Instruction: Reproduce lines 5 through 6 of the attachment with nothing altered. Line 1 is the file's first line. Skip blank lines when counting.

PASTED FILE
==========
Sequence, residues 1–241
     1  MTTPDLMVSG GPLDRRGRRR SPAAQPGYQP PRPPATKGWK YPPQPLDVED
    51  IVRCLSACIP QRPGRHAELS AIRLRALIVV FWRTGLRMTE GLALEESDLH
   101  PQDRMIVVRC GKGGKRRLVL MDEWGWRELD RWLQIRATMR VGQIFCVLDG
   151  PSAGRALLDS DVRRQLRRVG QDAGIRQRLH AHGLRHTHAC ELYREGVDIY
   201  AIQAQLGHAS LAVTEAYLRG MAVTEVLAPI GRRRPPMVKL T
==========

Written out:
   151  PSAGRALLDS DVRRQLRRVG QDAGIRQRLH AHGLRHTHAC ELYREGVDIY
   201  AIQAQLGHAS LAVTEAYLRG MAVTEVLAPI GRRRPPMVKL T